Weather Forecast


Costello honored as Attorney of the Year

Patrick Costello was recently honored as Minnesota Lawyer's 2018 Attorney of the Year for Outstanding Service to the Profession. (Special to The Globe)

LAKEFIELD — Patrick Costello, a senior partner in Costello, Carlson, Butzon & Schmit LLP in Lakefield, was recently honored by Minnesota Lawyer as one of its 2018 Attorneys of the Year. Costello was singled out for Outstanding Service to the Profession for his integral role in changing Minnesota law to allow charitable organizations to own farmland. The law change in 2004 resulted in the formation of the Southwest Initiative Foundation’s Keep It Growing program.

The program makes it possible for individuals, most often those without descendents or little connection to distant relatives, to donate their farmland to the foundation. Doing so allows the landowner’s tenants to continue to farm the land, while knowing the rental income generated will benefit others.

Costello dedicated about 30 years of his career to seeing his idea become a reality, and it’s all because he made a promise to a client who wanted to know his farm would be cared for.

“The client (Frank J. Zaher) asked me to keep his farm and to use his income for charitable works — to lighten people’s load and do some good in the world,” recalled Costello earlier this week. Zaher was a bachelor farmer in Minneota Township, Jackson County.

“I started by going to the Southwest Initiative Foundation almost from the very beginning,” Costello said. “I said I had this great idea, but it’s not permitted under Minnesota law.”

Eventually the law changed, and soon thereafter, SWIF established Keep It Growing. Today, the program has received 1,730 acres of farmland through eight separate gifts.

Serving in a rural law office, Costello has assisted numerous clients in making plans for their farmland, and said most choose to wait until after their death to have the farm transferred, but that doesn’t have to be the case.

They may opt to give their farm to the charitable organization while living, and retain the revenues the land generates until their death. Costello said the program provides the landowner with a tax deduction, and it also eliminates the estate tax.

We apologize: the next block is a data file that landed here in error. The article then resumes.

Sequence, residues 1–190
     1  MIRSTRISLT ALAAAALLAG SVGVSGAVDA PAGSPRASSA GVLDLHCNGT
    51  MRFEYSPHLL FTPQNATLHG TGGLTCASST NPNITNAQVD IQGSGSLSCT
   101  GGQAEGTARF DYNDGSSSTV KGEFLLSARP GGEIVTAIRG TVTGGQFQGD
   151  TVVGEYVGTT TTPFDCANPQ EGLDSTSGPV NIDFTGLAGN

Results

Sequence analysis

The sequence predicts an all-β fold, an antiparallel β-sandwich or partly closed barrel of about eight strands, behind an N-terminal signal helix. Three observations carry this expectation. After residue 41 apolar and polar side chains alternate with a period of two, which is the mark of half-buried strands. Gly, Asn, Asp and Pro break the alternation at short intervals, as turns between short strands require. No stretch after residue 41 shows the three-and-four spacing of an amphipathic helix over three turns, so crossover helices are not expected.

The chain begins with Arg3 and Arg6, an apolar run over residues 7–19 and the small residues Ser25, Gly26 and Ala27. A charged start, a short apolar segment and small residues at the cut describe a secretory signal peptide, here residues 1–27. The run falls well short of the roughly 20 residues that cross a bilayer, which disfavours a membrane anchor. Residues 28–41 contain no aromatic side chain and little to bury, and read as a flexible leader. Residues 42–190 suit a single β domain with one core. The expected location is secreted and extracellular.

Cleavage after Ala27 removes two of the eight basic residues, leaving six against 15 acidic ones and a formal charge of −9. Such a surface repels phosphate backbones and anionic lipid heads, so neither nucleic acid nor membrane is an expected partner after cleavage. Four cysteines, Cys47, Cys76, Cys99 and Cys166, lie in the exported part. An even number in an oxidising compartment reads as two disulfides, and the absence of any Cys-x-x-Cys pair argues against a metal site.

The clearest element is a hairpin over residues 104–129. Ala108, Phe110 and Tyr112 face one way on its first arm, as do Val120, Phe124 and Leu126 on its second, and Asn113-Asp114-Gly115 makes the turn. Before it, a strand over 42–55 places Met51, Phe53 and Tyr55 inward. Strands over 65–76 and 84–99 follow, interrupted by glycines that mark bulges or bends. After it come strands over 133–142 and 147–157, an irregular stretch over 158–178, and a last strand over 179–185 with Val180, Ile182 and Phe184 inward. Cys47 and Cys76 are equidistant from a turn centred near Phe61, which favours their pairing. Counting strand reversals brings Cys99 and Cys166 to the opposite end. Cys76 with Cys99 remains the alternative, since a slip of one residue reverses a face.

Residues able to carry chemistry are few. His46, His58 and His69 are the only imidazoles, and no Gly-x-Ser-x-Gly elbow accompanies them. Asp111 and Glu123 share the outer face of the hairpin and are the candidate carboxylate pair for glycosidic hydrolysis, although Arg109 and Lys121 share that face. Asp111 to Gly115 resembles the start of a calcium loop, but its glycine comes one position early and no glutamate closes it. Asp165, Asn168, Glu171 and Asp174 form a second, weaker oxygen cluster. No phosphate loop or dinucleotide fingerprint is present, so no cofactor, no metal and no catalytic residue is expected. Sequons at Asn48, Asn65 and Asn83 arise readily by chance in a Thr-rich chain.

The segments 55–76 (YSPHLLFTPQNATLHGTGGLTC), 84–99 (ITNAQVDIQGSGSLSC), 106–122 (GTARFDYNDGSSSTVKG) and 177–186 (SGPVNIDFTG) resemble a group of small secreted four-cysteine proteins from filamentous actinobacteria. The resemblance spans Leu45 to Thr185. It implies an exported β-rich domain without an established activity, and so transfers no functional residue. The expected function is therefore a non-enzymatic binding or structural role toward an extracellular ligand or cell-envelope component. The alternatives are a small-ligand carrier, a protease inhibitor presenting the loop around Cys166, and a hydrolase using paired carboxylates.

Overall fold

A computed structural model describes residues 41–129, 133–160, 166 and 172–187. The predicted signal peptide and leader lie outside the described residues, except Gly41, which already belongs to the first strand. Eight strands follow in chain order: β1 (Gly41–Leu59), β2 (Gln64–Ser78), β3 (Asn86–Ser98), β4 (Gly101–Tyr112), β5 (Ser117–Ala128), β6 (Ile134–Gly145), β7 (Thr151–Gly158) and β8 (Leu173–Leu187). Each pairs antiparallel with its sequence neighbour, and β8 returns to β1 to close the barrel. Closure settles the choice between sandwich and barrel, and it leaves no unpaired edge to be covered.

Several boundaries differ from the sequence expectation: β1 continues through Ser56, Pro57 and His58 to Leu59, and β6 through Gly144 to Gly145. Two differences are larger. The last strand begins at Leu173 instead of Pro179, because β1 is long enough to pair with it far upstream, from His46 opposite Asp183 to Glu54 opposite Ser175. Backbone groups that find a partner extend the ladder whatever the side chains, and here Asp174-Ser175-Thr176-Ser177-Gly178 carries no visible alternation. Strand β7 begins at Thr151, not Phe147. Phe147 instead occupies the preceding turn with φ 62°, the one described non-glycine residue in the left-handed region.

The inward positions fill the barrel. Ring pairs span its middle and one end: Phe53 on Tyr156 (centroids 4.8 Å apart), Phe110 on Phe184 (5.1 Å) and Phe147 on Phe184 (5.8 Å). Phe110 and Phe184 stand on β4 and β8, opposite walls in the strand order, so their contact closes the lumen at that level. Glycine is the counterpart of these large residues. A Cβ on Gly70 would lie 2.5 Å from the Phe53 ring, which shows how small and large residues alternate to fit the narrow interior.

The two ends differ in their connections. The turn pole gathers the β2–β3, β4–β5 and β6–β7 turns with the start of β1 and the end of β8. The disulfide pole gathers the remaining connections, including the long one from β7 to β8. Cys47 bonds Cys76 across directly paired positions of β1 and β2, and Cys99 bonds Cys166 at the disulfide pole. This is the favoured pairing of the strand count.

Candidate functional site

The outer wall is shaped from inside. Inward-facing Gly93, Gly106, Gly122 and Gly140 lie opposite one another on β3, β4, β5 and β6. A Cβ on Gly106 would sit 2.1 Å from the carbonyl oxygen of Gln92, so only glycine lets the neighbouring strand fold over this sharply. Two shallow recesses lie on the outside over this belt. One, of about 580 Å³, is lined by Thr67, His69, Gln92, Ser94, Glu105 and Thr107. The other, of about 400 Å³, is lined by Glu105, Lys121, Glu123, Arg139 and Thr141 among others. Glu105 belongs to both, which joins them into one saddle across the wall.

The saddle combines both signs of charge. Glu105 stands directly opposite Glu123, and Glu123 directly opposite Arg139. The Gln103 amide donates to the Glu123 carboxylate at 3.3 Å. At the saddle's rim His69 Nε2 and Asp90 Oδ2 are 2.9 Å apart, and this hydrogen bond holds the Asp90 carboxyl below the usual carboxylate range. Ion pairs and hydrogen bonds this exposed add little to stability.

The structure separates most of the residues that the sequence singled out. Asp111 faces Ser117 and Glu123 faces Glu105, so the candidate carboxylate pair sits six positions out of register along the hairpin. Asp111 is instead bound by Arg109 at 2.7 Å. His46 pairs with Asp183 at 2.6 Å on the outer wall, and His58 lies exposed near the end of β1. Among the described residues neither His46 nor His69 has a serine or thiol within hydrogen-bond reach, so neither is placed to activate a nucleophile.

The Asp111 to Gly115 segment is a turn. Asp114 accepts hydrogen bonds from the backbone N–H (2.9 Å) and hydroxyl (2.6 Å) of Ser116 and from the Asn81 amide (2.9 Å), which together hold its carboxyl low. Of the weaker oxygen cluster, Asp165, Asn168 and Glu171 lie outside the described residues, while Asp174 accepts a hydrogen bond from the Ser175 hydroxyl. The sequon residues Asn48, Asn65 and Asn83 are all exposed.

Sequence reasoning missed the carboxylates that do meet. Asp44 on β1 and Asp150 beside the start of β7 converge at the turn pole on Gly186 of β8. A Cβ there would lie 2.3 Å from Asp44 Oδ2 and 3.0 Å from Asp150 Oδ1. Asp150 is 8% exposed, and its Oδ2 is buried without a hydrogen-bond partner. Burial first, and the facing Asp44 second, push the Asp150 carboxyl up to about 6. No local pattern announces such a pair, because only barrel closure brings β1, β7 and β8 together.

He estimates there will be hundreds more acres enrolled in Keep It Growing during the next 20 years.

“More farmers have estate plans — they do love their farms more than their distant relatives,” he said.

SWIF isn’t the only one offering a way for farmers to donate their land to perpetuate charitable giving. Costello has visited four other initiative foundations and spoken to similar organizations in South Dakota, Nebraska, Kansas and Iowa.

In each case, the donor can specify where they would like the income to go. Through Keep It Growing, individuals may choose a specific organization or have the funds placed in an unrestricted endowment of the foundation.

“SWIF has a lot of small community foundations that they’re the parent of,” Costello said, noting one example where an individual has specified all proceeds from farmland rent must go to the Heron Lake-Okabena Community Foundation.

Costello, who was a bachelor for 55 years, said when he began introducing the idea to some of the single farmers, he was surprised by how quickly they embraced the idea.

“It’s been great fun, giving away money,” he added.

Costello was nominated for the Attorney of the Year title by SWIF, the organization that honored him in 2016 for his work with Keep It Growing. Back then, SWIF CEO Diana Anderson shared, “Pat has helped define what community philanthropy means in southwest Minnesota. He understood before anyone that the generational transfer of wealth could see millions of dollars leave the region as it passed to heirs or charities outside of our region.

“His vision for community foundations to keep and manage farmland has been the single most important charitable innovation in our history … and perhaps in all of rural philanthropy.”

Costello accepted his award during a Feb. 13 ceremony and was joined by his wife, Marcy, and SWIF’s Anderson.

A native of Lakefield, Costello grew up in his father’s Main Street pharmacy. He was in the sixth grade when he decided he wanted to become a lawyer.

At the time, Judge Holton had an office above the bank in Lakefield, and Costello knew that his job was to give advice to people. It sounded like a good career to him.

Costello went on to attend Hamline University and Creighton University School of Law. He returned to Lakefield and joined the law firm of Muir, Lundblad, Meyer, Storey, Stier and Simons in 1977, which is now known as Costello, Carlson, Butzon & Schmit LLP.

“I’ve always felt very much that this is where I belong,” Costello said of returning to his hometown to practice law. “I think that it’s really the best choice I ever made.”

Costello’s career in law spans more than 40 years, during which his work has focused on estate and business planning, agricultural law and taxation. He is a past president of the American Agricultural Law Association and is a fellow of the American College of Trust and Estate Counsel. He also serves as trustee for several private charitable foundations and is a director for the Minnesota State Bar Foundation.

Julie Buntjer

Julie Buntjer joined the Globe newsroom in December 2003, after working more than nine years for weekly newspapers. A native of Worthington, she has a bachelor's degree in agriculture journalism. Find more of her stories of farm life, family and various other tidbits at The Farm Bleat

(507) 376-7330